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The Ranch had a very interesting visitor/discoverer in the 1870s when this picture was taken--Naturalist John Muir.
Ranch History
Mary Jane Talley, daughter of David Talley and naturalist "partner" to John Muir while he lived on the Ranch.
Mary Jane Talley at the old Ranch House
The Kenner Ranch has been a passion for every owner since its original owner in the 1800s--Ambrosia the Indian and then David Talley, a rancher. 

The Ranch is a very special place.  It is nestled under the watchful gaze of Julian's North Peak (once Tally's Peak) and lies adjacent to William Heise Park--two significant landmarks of the area.  So many Julian residents have had the opportunity to experience the rare and special beauty of this working ranch.  Many of their great stories will soon be recanted here.
After the 2004 Ceder fire, practically every owner since the Talleys came back to the ranch to insure that it survived the fire.  Obviously, it had a large impact on them as well. 

I believe the ranch represents America of the 1800s.  Then, we lived by our own skill and self reliance.  Somehow, those simple elements of the ranch that made life worth living made it through these past 200 years without significant change.  I am certain you will also be touched by its timelessness.  This portion of the web site is dedicated to its story.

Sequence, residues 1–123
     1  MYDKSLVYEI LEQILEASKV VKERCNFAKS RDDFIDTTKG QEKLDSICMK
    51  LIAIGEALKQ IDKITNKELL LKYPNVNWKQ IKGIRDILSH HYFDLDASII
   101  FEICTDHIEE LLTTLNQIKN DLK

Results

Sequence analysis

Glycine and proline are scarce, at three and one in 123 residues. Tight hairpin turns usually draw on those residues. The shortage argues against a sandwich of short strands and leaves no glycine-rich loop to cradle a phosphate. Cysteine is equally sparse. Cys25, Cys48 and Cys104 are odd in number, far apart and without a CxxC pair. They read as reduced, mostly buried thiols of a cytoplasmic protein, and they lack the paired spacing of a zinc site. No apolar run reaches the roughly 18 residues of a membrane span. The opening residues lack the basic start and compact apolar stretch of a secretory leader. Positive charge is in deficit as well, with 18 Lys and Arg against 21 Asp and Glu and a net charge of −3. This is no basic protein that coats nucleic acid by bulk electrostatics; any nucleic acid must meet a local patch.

The Kenner Ranch was homesteaded by an Indian named Ambrosia in the 1800s.  At that time the ranch was 600+ acres.  Ambrosia apparently made only a small effort to domesticate the ranch.  But in the the 1870s, a rancher named David Talley purchased the it from Ambrosia.   He was quite successful in the region as a rancher.

As interesting as an indian named Ambrosia must have been, the story starts to get interesting with David Talley.

David Talley had a daughter named Mary Talley.  He also had a very special visitor at the ranch during this time, John Muir.  John Muir and Mary Talley spent many hours hiking the local woods documenting the flora and fauna.

John Muir later expressed his enjoyment of the Talley Ranch and Mary Talley by creating a woodland scene out of the ferns and other botanical specimens he collected while on the Ranch.  He made this picture and a book documenting the ferns of Southern California and Arizona a gift to Mary Talley.
John Muir Woodland Scene
Woodland scene gift from John Muir to Mary Jane Talley created from specimens collected on the ranch.

Wilderness Explorer
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